But, say I’d never seen this before. How did I know it wasn’t real? The first time I saw this forward, I believe the car was from Oregon. Now, I’ve moved around a lot in my thirty-something years, but I’ve never lived in Oregon. In my many adventures around the country, I’ve noticed that MOST (not all) license plates in the United States have a 3-letter 3-number pattern to them. This plate (whose number hasn’t changed with each revision) does not follow that pattern. I took a few of the states that the legend claims to come from and found some examples of plates from those states (and a province). None of them fit the pattern of this forward. This red flag alone, told me this was absolutely not true!
This one I’ve seen as recently as yesterday:
I’m turning 25 again this month. My birthday will be falling on a Monday this year. I also know that this isn’t the first time my birthday has fallen on a Monday. In fact, I looked it up! My birthday fell on a Monday in 2005, 1994, 1988 and I’m sure a few years before that in my lifetime (and I’m not 823 years old, despite what my daughter tells you!). By that logic, it would be impossible for this pattern of days to only happen once every eight centuries considering October is consistently 31-days long.
Snopes.com claims that the Kayla Scott story is undetermined as truth or fiction, however, the red flag that goes up for me in this repost is that it has been circulating well over a year. Ms. Scott’s son is now in preschool and can most likely write his name. Certainly by now, he has recovered and is living life to the fullest… at least I pray he is.
A few days ago, a friend posted this, hailing praises to Southwest for putting customer service first. Actually, it wasn’t a friend. It was my aunt, but we’ll just call her a friend. OK? Shh.
There are a few red flags here, including one I didn’t initially know about! Southwest sells tickets ONLY on Southwest.com. You won’t find Southwest airlines on Expedia, Cheaptickets or Travelocity, actually. The second thing (and similar to what I just stated) that came to my attention was that it wasn’t a link to Southwest.com.. it was to an unfamiliar third party vendor. The third thing that I noticed was the domain. Southwest Airlines is based in the United States. Here in the US, general websites end primarily in: .com or .net. School websites end in .edu or .us. Government sites are given a .gov domain and non-profit organizations try to grab a .org domain.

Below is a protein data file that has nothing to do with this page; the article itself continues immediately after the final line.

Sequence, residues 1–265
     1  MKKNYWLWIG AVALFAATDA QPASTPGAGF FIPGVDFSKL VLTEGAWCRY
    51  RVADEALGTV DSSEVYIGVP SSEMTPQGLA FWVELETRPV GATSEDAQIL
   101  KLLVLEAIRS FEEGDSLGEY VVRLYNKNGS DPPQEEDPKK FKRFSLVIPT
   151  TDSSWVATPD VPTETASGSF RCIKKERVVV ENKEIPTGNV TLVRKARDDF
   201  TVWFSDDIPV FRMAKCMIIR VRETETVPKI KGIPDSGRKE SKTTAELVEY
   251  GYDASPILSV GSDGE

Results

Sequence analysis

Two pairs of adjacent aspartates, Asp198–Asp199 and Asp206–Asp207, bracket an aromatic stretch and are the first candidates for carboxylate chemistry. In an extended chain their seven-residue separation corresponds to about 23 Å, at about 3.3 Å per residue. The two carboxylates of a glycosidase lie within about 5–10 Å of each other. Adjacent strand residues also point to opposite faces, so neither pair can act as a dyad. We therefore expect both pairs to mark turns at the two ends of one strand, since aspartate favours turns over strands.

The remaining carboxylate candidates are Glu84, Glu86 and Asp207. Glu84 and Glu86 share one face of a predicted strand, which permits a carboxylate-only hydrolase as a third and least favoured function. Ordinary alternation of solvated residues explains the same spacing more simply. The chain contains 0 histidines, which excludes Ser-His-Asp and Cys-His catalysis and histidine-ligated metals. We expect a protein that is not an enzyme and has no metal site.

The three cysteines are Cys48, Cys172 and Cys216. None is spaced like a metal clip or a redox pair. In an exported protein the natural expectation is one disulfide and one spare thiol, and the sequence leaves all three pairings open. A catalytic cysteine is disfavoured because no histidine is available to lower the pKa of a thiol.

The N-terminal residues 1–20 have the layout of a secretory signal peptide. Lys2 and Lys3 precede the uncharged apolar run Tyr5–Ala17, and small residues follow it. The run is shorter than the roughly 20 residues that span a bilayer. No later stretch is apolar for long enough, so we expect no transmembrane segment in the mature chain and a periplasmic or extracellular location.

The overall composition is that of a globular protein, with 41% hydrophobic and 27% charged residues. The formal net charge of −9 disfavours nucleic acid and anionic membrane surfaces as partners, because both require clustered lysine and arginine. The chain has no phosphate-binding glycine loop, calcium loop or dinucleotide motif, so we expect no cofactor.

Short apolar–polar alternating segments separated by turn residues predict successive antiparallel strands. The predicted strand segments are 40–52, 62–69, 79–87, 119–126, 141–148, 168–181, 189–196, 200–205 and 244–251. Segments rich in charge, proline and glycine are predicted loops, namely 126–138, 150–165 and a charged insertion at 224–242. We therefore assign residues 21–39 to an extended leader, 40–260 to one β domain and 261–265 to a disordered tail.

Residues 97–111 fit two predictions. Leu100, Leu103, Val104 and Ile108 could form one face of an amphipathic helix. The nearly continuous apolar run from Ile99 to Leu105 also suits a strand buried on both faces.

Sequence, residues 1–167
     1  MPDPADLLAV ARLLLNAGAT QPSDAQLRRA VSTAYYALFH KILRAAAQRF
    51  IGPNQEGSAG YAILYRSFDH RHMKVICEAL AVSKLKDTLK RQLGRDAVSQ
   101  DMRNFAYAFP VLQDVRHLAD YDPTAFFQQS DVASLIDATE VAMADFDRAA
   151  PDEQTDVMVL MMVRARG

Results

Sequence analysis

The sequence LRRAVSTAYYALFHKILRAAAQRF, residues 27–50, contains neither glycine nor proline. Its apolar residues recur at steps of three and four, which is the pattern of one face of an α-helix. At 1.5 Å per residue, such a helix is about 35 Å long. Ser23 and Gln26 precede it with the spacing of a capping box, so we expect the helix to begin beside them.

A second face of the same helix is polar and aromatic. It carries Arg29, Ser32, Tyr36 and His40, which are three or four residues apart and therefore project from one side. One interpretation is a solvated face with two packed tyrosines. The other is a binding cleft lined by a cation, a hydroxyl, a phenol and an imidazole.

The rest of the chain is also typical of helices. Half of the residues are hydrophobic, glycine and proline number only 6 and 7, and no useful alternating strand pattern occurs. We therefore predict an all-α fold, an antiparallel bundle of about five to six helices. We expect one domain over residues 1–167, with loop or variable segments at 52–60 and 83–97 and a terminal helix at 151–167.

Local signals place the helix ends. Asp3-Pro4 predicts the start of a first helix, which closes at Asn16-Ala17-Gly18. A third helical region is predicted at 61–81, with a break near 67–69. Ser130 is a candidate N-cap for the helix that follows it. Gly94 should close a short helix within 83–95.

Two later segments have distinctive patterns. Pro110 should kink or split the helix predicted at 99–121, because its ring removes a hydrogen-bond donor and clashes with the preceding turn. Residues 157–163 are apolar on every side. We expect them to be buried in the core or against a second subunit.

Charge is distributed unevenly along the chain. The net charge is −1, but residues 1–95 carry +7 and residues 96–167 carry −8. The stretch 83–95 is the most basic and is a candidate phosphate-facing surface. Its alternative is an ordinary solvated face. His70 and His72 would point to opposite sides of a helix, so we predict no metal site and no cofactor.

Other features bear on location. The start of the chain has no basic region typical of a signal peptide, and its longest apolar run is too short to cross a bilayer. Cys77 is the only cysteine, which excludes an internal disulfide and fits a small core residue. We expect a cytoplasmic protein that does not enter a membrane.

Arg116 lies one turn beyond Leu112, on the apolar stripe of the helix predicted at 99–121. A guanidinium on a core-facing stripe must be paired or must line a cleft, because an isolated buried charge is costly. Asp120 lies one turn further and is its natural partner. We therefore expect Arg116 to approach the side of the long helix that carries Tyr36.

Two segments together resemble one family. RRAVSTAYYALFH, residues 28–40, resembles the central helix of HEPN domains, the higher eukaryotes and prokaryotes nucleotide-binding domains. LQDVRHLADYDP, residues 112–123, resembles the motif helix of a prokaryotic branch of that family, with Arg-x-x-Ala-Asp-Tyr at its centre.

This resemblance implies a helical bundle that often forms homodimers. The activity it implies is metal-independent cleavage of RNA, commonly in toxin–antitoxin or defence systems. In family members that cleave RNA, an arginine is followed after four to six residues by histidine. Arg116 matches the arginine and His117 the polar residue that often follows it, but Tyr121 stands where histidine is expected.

Different countries have different domains. Canada websites generally end in .ca. Ireland’s websites will end in .ie and so on.
In this instance, .tk is a free website domain that is out there, where you can have your own domain, for free. And that, my friends, is where this “free Southwest ticket” hoax is from. Enter your information into the drawing and the person who has this free website now has all your information. Sounds fantastic, doesn’t it?
And now, we have the newest trend in panic-inflicting forwards
This one I actually had to research. It’s only half true and had not made its way to Snopes yet (Snopes actually added this today!) The photo is from an actual newspaper article that ran in the Buenos Aires, Argentina newspaper some time back about someone who found nails in cheese in a dogpark. However, this did not happen in California or Massachusetts as this note claims. What happened in Argentina was a one-time incident, though. No other incidents in South America, Europe, Asia or even in the United States have been reported… ever.
Most of the time, when I’m looking through my social media updates, I’m on my Iphone, where copying and pasting a link is cumbersome. If you want to know if what you read is true, ‘Google’ is a great little app or website for looking these things up. Even if you don’t the time or desire to look things up, simply look at the comments before copying and pasting. Chances are, by the time you’re seeing someone’s post, someone else has already called them out on the hoax.
So, easy on the share button. Copying and pasting may sound tempting but there is a quick and easy way to determine if what you’re reading is indeed too good to be true. Your friends might appreciate you for it!